There are many different types of TPD and income protection policies on the market, but many people think they are covered through their super funds. If Adam only had TPD cover in his super fund, despite being unable to continue in his chosen career due to his condition and suffering a significant earnings loss, he would not be able to claim on such insurance policies given he has an ability to work in other jobs he is qualified for. Income Protection policies in superannuation can also be harder to claim on, with default cover commonly only having a benefit period of two years, as opposed to what Adam has – payments to age 65.

Adam is still coming to terms with what will be a major shift in his career, but he is relieved his lifestyle and long term plans won’t need to change thanks to his insurance cover.

This was all put in place before Adam and Amy started a family. It happened not long after they bought a new home together. Unfortunately, they are in the minority – not many people put personal insurance cover in place while they are young and healthy. Many people choose to avoid personal insurance cover due to costs and not seeing value, while others may feel content knowing they have something in their super funds.

Adam and Amy’s story is a perfect example of how fragile our health can be, even at a young age. Because of their proactivity, Adam and Amy don’t have the financial stress of a reduced income, meaning they can keep their new home while Adam has flexibility in what he chooses to do going forward.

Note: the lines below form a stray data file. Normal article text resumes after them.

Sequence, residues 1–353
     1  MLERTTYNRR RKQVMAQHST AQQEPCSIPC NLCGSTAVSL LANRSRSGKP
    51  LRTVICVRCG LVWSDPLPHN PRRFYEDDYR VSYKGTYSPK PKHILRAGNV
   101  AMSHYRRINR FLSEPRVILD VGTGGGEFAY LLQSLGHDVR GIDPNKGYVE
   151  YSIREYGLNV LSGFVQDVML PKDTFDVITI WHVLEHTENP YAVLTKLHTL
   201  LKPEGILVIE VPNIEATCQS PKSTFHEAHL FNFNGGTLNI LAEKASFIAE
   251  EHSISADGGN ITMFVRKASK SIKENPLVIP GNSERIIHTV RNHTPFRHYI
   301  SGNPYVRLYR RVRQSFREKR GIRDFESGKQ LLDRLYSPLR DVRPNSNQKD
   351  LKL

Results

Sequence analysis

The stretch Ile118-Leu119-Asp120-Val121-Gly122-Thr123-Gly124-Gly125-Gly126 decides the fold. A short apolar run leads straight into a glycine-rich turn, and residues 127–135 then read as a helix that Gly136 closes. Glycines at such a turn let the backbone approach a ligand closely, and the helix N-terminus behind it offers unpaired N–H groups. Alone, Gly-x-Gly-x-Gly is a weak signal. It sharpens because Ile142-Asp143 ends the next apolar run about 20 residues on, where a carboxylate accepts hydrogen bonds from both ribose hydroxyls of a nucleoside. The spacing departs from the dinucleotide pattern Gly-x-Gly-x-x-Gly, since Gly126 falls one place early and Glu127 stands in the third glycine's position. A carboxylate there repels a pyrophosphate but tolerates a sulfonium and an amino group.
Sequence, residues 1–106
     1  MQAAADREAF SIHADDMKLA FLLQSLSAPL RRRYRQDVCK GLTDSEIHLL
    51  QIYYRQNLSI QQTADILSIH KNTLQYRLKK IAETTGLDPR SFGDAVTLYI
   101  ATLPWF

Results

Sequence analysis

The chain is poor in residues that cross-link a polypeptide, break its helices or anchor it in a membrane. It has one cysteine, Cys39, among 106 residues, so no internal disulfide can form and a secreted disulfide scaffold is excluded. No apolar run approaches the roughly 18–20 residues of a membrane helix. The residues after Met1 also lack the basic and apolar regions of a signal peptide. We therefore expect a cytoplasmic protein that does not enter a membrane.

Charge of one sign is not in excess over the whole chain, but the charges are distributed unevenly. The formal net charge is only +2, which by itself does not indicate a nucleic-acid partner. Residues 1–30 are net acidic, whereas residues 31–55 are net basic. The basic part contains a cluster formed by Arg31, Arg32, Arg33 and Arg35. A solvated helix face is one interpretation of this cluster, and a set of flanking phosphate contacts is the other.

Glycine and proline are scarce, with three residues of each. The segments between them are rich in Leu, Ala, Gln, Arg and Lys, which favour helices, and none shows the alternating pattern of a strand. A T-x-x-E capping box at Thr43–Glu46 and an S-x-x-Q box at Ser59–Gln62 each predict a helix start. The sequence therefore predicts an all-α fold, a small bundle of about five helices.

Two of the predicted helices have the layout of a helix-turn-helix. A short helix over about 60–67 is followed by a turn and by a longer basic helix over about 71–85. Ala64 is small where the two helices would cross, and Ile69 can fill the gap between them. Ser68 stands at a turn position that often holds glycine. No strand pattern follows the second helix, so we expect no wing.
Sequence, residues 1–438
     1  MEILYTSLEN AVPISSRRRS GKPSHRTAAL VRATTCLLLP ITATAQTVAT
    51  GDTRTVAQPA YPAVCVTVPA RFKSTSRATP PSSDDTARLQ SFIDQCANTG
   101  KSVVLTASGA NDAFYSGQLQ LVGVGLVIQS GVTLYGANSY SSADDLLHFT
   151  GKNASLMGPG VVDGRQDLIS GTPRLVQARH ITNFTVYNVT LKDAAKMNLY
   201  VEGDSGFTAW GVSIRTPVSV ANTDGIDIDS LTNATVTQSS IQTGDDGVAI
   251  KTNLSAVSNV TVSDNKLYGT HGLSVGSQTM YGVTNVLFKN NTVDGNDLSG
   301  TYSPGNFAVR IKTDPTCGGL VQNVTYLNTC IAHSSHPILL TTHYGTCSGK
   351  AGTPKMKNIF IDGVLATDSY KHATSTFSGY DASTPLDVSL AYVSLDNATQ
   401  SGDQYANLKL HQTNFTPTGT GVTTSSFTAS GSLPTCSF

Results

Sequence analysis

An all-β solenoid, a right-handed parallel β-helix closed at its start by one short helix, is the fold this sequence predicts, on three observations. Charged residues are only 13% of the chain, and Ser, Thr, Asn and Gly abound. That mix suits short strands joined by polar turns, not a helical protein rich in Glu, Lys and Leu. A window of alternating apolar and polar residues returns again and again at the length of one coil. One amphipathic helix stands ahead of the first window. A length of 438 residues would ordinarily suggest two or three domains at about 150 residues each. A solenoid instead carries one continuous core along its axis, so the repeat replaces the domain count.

You may feel perfectly healthy and confident you will remain so, but the future is unpredictable. Consider your own lifestyle and family – what would happen if you couldn’t work again, or if you passed away?  If you have adult children, have you asked them about what protection they have in place? And remember, not all personal cover is the same, quality can vary significantly.

If this story has made you think twice about your own situation, or perhaps someone you know, we can help. Contact your Private Wealth adviser to discuss options suited to your needs.

Disclaimer:

The information in this document reflects our understanding of existing legislation, proposed legislation, rulings, etc., as at the date of issue. In some cases, the information has been provided to us by third parties. While it is believed the information is accurate and reliable, this is not guaranteed in any way. The information is not, nor is it intended to be, comprehensive or a substitute for professional advice on specific circumstances.

The financial product advice or information in this document is of general nature only and has not taken into account the investment objectives, financial situation or particular needs of any particular person. Before making an investment decision on the basis of the advice above, a prospective investor needs to consider, with or without the assistance of a professional adviser, whether the advice is appropriate in the light of their particular investment needs, objectives and financial circumstances.